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A Romance of Ancient Egypt

A Romance of Ancient Egypt

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Published by Nathaniel Møøre

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Published by: Nathaniel Møøre on Apr 11, 2011
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The Project Gutenberg EBook of Uarda, Complete, by Georg EbersThis eBook is for the use of anyone anywhere at no cost and withalmost no restrictions whatsoever. You may copy it, give it away orre-use it under the terms of the Project Gutenberg License includedwith this eBook or online at www.gutenberg.netTitle: Uarda, CompleteA Romance Of Ancient EgyptAuthor: Georg EbersRelease Date: October 16, 2006 [EBook #5449]Language: EnglishCharacter set encoding: ASCII*** START OF THIS PROJECT GUTENBERG EBOOK UARDA, COMPLETE ***Produced by David WidgerTHE HISTORICAL ROMANCES OF GEORG EBERSUARDAA ROMANCE OF ANCIENT EGYPTTranslated from the German by Clara BellVolume 1.DEDICATION.Thou knowest well from what this book arose.When suffering seized and held me in its claspThy fostering hand released me from its grasp,And from amid the thorns there bloomed a rose.Air, dew, and sunshine were bestowed by Thee,And Thine it is; without these lines from me.PREFACE.
In the winter of 1873 I spent some weeks in one of the tombs of theNecropolis of Thebes in order to study the monuments of that solemn cityof the dead; and during my long rides in the silent desert the germ wasdeveloped whence this book has since grown. The leisure of mind and bodyrequired to write it was given me through a long but not disablingillness.In the first instance I intended to elucidate this story--like my"Egyptian Princess"--with numerous and extensive notes placed at the end;but I was led to give up this plan from finding that it would lead me tothe repetition of much that I had written in the notes to that earlierwork.The numerous notes to the former novel had a threefold purpose. In thefirst place they served to explain the text; in the second they were aguarantee of the care with which I had striven to depict thearchaeological details in all their individuality from the records of themonuments and of Classic Authors; and thirdly I hoped to supply thereader who desired further knowledge of the period with some guide to hisstudies.In the present work I shall venture to content myself with the simplestatement that I have introduced nothing as proper to Egypt and to theperiod of Rameses that cannot be proved by some authority; the numerousmonuments which have descended to us from the time of the Rameses, infact enable the enquirer to understand much of the aspect and arrangementof Egyptian life, and to follow it step try step through the details ofreligious, public, and private life, even of particular individuals. Thesame remark cannot be made in regard to their mental life, and here manyan anachronism will slip in, many things will appear modern, and show thecoloring of the Christian mode of thought.Every part of this book is intelligible without the aid of notes; but,for the reader who seeks for further enlightenment, I have added somefoot-notes, and have not neglected to mention such works as afford moredetailed information on the subjects mentioned in the narrative.The reader who wishes to follow the mind of the author in this workshould not trouble himself with the notes as he reads, but merely at thebeginning of each chapter read over the notes which belong to theforegoing one. Every glance at the foot-notes must necessarily disturband injure the development of the tale as a work of art. The story standshere as it flowed from one fount, and was supplied with notes only afterits completion.A narrative of Herodotus combined with the Epos of Pentaur, of which somany copies have been handed down to us, forms the foundation of thestory.The treason of the Regent related by the Father of history is referableperhaps to the reign of the third and not of the second Rameses. But itis by no means certain that the Halicarnassian writer was in this casemisinformed; and in this fiction no history will be inculcated, only as abackground shall I offer a sketch of the time of Sesostris, from apicturesque point of view, but with the nearest possible approach totruth. It is true that to this end nothing has been neglected that couldbe learnt from the monuments or the papyri; still the book is only aromance, a poetic fiction, in which I wish all the facts derived fromhistory and all the costume drawn from the monuments to be regarded asincidental, and the emotions of the actors in the story as what I attach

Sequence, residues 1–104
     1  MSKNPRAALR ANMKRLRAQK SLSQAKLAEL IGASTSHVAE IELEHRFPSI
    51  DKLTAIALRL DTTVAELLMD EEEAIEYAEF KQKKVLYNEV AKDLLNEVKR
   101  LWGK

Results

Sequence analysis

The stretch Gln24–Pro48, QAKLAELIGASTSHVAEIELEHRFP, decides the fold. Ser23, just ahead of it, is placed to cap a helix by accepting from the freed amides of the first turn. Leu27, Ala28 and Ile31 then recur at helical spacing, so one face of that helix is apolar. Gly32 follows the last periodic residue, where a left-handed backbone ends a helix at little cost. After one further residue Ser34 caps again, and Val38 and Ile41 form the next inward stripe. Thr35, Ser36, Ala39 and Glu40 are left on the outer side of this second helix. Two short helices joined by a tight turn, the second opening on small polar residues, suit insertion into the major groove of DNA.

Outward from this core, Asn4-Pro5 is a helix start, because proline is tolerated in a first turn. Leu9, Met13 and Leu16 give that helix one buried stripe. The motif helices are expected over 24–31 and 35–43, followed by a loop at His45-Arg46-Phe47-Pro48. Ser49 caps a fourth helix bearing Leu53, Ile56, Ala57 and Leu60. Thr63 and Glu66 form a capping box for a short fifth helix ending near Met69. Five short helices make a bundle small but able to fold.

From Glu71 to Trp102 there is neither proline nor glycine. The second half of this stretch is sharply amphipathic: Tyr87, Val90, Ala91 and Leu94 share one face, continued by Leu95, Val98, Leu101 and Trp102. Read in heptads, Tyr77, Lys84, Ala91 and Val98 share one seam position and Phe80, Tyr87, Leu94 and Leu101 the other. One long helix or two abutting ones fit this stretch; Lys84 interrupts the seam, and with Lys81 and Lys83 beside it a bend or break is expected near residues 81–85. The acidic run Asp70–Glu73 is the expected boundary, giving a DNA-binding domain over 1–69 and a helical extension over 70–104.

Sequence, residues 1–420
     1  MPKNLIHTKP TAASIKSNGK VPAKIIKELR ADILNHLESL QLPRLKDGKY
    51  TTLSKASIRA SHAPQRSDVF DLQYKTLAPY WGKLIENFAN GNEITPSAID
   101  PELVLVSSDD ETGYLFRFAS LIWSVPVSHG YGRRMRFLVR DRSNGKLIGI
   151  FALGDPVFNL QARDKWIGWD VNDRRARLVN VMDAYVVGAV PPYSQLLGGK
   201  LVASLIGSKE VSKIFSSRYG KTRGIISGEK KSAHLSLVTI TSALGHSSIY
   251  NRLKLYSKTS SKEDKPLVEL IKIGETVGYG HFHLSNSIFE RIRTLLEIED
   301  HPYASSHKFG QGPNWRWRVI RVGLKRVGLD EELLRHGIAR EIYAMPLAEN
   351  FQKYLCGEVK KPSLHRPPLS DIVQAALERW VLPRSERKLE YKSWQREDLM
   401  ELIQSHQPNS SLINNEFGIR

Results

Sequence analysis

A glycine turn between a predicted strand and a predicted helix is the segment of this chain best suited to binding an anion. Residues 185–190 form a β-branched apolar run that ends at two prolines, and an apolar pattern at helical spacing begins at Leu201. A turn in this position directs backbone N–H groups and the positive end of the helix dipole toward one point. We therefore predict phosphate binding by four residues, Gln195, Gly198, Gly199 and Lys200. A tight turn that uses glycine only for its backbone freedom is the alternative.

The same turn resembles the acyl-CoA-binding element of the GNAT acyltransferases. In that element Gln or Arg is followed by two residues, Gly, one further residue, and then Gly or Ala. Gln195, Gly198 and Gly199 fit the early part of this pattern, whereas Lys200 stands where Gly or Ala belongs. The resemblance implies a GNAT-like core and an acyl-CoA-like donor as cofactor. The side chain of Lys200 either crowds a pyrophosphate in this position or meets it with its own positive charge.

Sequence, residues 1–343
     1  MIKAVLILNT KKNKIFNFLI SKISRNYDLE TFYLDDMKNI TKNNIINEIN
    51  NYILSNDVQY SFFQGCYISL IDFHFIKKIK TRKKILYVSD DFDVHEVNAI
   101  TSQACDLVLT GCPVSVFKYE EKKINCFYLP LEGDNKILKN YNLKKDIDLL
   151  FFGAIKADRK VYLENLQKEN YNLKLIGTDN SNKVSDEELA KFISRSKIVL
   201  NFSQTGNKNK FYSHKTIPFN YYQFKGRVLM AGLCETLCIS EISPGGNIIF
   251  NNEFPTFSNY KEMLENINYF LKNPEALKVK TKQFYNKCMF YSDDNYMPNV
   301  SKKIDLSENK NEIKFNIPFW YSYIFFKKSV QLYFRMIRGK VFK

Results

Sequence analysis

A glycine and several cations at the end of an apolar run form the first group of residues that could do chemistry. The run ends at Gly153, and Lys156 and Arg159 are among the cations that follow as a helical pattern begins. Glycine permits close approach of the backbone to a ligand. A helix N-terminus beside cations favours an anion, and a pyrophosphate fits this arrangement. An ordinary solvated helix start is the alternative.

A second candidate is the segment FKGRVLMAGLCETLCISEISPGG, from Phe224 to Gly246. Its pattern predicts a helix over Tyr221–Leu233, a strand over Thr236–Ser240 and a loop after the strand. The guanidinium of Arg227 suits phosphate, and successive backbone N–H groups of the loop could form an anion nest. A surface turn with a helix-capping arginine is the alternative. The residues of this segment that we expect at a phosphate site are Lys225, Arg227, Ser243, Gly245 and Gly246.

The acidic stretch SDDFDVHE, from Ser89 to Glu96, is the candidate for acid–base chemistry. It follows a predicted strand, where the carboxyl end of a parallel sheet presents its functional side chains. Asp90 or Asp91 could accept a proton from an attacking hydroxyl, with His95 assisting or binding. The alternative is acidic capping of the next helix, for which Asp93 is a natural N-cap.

importance to.But I must be allowed to make one observation. From studying theconventional mode of execution of ancient Egyptian art--which wasstrictly subject to the hieratic laws of type and proportion--we haveaccustomed ourselves to imagine the inhabitants of the Nile-valley in thetime of the Pharaohs as tall and haggard men with little distinction ofindividual physiognomy, and recently a great painter has sought torepresent them under this aspect in a modern picture. This is an error;the Egyptians, in spite of their aversion to foreigners and their strongattachment to their native soil, were one of the most intellectual andactive people of antiquity; and he who would represent them as theylived, and to that end copies the forms which remain painted on the wallsof the temples and sepulchres, is the accomplice of those priestlycorrupters of art who compelled the painters and sculptors of thePharaonic era to abandon truth to nature in favor of their sacred laws ofproportion.He who desires to paint the ancient Egyptians with truth and fidelity,must regard it in some sort as an act of enfranchisement; that is to say,he must release the conventional forms from those fetters which werepeculiar to their art and altogether foreign to their real life. Indeed,works of sculpture remain to us of the time of the first pyramid, whichrepresent men with the truth of nature, unfettered by the sacred canon.We can recall the so-called "Village Judge" of Bulaq, the "Scribe" now inParis, and a few figures in bronze in different museums, as well as thenoble and characteristic busts of all epochs, which amply prove how greatthe variety of individual physiognomy, and, with that, of individualcharacter was among the Egyptians. Alma Tadelna in London and GustavRichter in Berlin have, as painters, treated Egyptian subjects in amanner which the poet recognizes and accepts with delight.Many earlier witnesses than the late writer Flavius Vopiscus might bereferred to who show us the Egyptians as an industrious and peacefulpeople, passionately devoted it is true to all that pertains to the otherworld, but also enjoying the gifts of life to the fullest extent, naysometimes to excess.Real men, such as we see around us in actual life, not silhouettesconstructed to the old priestly scale such as the monuments show us--realliving men dwelt by the old Nile-stream; and the poet who would representthem must courageously seize on types out of the daily life of modern menthat surround him, without fear of deviating too far from reality, and,placing them in their own long past time, color them only and clothe themto correspond with it.I have discussed the authorities for the conception of love which I haveascribed to the ancients in the preface to the second edition of "AnEgyptian Princess."With these lines I send Uarda into the world; and in them I add my thanksto those dear friends in whose beautiful home, embowered in green,bird-haunted woods, I have so often refreshed my spirit and recovered mystrength, where I now write the last words of this book.Rheinbollerhutte, September 22, 1876.GEORG EBERS.